By Iris Murdoch
A robust novel of a family’s look for love amid the wreckage of failed relationships An Unofficial Rose is a narrative of a father and son, either disappointed with their lives, and either in love with a person except their other halves. whereas the daddy, a widower, regrets by no means leaving his spouse for his mistress, the son seeks any chance to flee his boring marriage. Written with Murdoch’s masterful mixture of comedy and tragedy, An Unofficial Rose is a compelling tale of affection, remorse, and the complexity of human relationships.
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Extra info for An Unofficial Rose
In those cases where I have used American texts, they have been texts that could well have been written in Britain, despite minor cultural and historical differences. Of course, the mediation between the culture of anorexia and the authors whom I discuss is rarely direct. Both Christina Rossetti and Charlotte Bront¨e fasted, but for very different reasons, and, in any case, the representations of fasting in their work do not simply reﬂect their own experiences. Rather, both authors use hunger and the refusal of food for speciﬁc purposes within their texts, purposes that I explore in chapters and .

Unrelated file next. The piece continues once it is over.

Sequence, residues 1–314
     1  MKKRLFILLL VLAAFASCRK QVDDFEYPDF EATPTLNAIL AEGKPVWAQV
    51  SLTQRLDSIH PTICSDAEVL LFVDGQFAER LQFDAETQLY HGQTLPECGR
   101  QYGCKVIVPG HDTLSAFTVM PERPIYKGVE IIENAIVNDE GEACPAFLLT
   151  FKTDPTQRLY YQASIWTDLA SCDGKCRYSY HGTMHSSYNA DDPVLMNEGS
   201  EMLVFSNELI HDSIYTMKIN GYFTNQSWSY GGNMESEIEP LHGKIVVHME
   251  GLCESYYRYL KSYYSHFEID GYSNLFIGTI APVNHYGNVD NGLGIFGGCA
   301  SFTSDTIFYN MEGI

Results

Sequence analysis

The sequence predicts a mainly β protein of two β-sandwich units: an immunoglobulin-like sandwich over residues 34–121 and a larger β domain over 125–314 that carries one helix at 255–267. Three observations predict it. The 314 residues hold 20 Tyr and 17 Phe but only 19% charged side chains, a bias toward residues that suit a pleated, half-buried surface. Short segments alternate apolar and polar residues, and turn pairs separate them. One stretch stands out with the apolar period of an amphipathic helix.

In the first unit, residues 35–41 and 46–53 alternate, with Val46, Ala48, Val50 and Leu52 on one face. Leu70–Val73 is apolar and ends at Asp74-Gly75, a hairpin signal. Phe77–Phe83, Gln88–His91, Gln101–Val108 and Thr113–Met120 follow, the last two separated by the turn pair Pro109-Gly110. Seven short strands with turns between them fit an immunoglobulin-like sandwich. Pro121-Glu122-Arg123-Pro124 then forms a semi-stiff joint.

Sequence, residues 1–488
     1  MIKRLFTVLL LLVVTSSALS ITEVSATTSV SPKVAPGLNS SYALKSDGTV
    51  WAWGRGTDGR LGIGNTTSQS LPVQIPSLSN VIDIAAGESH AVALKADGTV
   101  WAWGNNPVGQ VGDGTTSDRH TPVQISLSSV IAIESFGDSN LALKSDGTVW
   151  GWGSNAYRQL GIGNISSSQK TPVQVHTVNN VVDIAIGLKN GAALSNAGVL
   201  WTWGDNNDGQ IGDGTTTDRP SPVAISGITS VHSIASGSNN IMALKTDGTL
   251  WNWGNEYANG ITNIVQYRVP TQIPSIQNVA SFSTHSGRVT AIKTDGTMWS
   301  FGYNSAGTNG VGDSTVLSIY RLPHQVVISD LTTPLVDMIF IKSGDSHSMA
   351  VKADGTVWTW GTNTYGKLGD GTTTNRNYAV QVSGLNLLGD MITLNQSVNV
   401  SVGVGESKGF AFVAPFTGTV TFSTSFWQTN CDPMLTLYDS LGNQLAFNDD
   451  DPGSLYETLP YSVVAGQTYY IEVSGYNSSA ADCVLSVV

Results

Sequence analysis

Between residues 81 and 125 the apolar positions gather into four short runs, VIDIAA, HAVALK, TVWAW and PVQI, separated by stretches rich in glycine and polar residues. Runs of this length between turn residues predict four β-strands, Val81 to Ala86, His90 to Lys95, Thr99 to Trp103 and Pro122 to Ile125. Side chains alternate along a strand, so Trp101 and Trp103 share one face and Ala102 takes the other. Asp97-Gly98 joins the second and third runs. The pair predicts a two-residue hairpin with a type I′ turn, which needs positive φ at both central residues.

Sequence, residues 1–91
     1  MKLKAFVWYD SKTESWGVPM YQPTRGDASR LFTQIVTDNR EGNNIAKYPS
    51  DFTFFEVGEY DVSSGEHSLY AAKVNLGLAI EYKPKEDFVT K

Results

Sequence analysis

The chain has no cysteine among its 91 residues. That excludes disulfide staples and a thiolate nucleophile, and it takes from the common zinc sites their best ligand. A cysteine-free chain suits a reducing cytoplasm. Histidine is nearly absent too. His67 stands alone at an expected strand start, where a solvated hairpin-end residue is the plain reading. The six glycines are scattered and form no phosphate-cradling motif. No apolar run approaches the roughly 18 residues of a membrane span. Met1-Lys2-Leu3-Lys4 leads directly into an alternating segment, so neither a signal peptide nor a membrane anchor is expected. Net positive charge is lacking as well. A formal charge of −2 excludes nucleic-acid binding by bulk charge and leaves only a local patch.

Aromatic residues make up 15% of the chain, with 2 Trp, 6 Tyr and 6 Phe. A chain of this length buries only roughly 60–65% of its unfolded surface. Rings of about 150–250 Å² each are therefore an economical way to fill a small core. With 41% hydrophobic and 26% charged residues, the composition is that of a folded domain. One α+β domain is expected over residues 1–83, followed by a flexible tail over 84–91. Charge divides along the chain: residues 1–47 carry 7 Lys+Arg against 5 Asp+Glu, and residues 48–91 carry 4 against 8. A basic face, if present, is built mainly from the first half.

In Villette, Bront¨e depicts varying degrees of feminine abnegation by using images of starvation and the renunciation of appetite. Though she portrays the suffering of denied appetite in Lucy Snowe’s depression and mental breakdown, Bront¨e also consistently links fat to promiscuous sexuality, stupidity, and the lower classes, ﬁnally validating hunger over gluttony. Bront¨e’s novels, rather than the radical texts of protest that some critics consider them, are complicated and ambiguous novels that express the anorexic logic of Bront¨e’s culture at the same time as they depict the suffering of the hungry woman.
Although the members of most cultures have disciplined the body in one form or another, Victorian Britain represents the ﬁrst cross-class attempt to deny fat (especially the fat stomach) in the service of beauty, as corsets were no longer worn primarily by the aristocracy and the afﬂuent, but by middle- and working-class women as well. In their general addresses to readers, beauty manuals imply that a large group of women not only corseted themselves, but tight laced as Waisted women: reading Victorian slenderness well, with most manuals aiming to dissuade women from a practice widely considered harmful.